Friday, February 26, 2010
I am going to San Francisco in 2 weeks for a weekend with friends, D flying in from Seattle and K crossing the bridge from Berkeley. We have never done this - longed for it - but between work, children etc. etc - you get it. But, it's actually happening and I am, of course, thrilled and - in a food tizzy!!!!!!!
Like all good, food obsessed people I'm haunting the chowhound boards and other trustworthy web sites. But, I want your opinion.
Here are the places under serious consideration:
Also maybe Flour + Water
I have never been to any of them.
I am open to suggestions but before you are kind enough to do that please know that I have been to Zuni Cafe, The Slanted Door, A16, and some wonderful place in North Beach that I can always find but have no idea what the name is. And I will very definitely be making the annual pilgrimage to my beloved Greens for too many pastries. Oh, I can hardly wait. Brown paper bag filled with treats, it's back outside to find the perfect spot to sit (okay, it's a cold piece of concrete but, really, it's perfect) and gaze out at the Bay while the wind whips my hair into a tangle of knots. This I will likely do by myself as, at the earliest possible hour, the plan is take a cable car from our SOMA-located hotel over the hill to the end of the Powell-Mason Line then trek along the bay, up and down the hill to Fort Mason, down all those crazy stairs, and through the parking lot to Greens. Not everyone thinks a fruit tart is worth this kind of thing at 8 o'clock on a Saturday morning. Especially with a hangover.
So -have you been to any of the places on the above list? Lunch or dinner? What did you eat? What did you love, hate. What do you dream about? Please, let me know.
Posted by Amy Goddard Smith at 2:24 PM
Monday, February 22, 2010
And the sun poured in like butterscotch and stuck to all my senses. Won't you stay, we'll put on the day and we'll talk in present tenses...
February is my favorite month. Here in LA the sun shines warm and lovely, the ocean from my window is the bluest blue.
I try to take the month into me, holding it in my heart against the months of overcast that are coming and the later, terrible heat of August and September.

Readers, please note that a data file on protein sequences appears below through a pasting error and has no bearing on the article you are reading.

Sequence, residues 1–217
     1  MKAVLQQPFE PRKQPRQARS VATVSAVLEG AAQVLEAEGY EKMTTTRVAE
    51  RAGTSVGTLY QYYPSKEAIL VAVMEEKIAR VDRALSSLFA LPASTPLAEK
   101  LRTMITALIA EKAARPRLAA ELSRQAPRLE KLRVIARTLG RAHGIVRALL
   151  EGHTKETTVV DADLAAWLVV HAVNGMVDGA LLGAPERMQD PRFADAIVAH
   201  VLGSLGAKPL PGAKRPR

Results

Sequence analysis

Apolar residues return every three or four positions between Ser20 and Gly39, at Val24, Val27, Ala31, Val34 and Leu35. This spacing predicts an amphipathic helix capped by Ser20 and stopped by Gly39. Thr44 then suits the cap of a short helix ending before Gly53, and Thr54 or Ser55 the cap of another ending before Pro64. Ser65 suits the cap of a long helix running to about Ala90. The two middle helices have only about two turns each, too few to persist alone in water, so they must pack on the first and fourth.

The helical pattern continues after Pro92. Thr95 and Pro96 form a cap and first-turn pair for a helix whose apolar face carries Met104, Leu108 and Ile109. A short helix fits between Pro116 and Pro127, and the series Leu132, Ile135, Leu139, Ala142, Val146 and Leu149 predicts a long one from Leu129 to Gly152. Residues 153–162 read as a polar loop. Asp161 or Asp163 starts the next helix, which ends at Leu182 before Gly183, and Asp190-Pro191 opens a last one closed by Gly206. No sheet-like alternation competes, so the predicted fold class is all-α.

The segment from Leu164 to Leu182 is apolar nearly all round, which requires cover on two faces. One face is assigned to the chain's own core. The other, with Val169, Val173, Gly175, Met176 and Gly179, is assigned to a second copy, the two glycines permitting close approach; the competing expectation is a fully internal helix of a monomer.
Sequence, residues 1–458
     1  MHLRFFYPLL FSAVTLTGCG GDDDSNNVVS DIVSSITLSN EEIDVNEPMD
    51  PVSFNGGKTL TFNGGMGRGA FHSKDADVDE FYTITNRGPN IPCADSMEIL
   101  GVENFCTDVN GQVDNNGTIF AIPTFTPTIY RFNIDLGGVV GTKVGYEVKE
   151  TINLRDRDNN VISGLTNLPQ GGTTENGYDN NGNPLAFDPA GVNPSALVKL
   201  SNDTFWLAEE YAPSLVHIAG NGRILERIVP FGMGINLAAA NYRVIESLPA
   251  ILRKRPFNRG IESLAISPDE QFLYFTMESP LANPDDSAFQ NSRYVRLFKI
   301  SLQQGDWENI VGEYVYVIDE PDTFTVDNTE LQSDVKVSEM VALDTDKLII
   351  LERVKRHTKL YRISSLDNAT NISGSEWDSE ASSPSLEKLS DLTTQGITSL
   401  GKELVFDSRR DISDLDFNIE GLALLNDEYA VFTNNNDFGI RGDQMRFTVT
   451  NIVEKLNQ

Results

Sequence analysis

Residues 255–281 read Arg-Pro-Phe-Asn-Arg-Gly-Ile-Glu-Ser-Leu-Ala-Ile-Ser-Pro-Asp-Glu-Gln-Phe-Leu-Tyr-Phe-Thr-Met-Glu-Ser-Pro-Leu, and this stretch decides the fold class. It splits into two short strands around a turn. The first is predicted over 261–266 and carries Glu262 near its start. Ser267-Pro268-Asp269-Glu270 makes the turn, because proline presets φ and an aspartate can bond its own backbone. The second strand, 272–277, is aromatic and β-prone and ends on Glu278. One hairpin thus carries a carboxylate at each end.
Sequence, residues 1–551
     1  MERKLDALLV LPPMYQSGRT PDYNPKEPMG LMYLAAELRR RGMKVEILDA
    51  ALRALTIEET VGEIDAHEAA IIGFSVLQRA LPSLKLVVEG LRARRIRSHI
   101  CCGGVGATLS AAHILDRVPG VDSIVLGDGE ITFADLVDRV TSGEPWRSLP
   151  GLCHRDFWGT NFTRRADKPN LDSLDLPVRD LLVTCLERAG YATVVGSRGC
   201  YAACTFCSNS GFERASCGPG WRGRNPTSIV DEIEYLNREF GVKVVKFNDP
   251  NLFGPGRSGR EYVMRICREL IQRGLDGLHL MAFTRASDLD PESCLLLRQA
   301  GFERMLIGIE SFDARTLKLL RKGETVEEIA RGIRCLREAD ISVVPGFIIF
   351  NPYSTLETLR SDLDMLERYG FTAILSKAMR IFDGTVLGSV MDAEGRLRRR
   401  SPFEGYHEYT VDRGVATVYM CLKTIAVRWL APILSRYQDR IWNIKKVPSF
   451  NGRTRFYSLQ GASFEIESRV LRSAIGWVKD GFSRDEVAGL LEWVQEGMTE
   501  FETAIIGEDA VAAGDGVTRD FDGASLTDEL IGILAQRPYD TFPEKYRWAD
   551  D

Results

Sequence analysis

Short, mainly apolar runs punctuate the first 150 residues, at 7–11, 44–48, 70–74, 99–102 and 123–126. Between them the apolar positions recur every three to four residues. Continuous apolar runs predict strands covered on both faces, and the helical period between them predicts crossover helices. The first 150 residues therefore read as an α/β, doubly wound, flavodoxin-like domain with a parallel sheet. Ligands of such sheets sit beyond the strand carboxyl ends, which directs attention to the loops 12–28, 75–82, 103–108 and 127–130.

Out in the garden the lavender and lemons bob in the wind. But can you see the grass? It's out of control. I have this theory, very annoying to my children, that a family should be able to take care of its own garden. I think it's good, no essential, for kids to work outside. So, a few years ago, I fired the gardener. And, somewhat regularly, we are out there with the push mower and the clippers. It's a struggle because they whine (though with repetition the whining lessens) and I get frustrated. But we get the job done, and they have learned to get satisfaction from that job, from pleasing their mother, from tending their own small plot.
Sometimes, as you can see, things go a little bit wild. I have not had the will to force the issue lately. The grass is being allowed to take over. Its wildness suits my current mood. But one of these days I will feel the call of order again and we will be out there, with the sun shining on our backs and the morning air filled with promises of lemon-aid for a job well done.
Tenderly I will use you curling grass
It may be you transpire from the breasts of young men
It may be if I had known them I would have loved them;
It may be you are from the old people and from women
and from offspring taken soon out of their mother's laps
And here you are the mother's laps.
Posted by Amy Goddard Smith at 3:20 PM
Monday, February 15, 2010
A spectacular day, sunny and warm, the kind of day that reminds you why you came to Southern California. How incredible it still seems to be outside, barefoot, in February. I walked down to the beach at sunset and found this piece of log or, more likely, pilon. It was so good to kick off my shoes and walk in the cold sand, so good to be there alone. I hope, wherever you are, that you had a moment of peace outdoors today.
Poet Mary Oliver is reading next Thursday, Feb 25 at 8 at UCLA. For poetry deeply, personally resonate yet anchored in the natural world there is no one like her. A special discount of 25% is available for purchases of 2 or more tickets at Ticketmaster. Use the code OLIVER.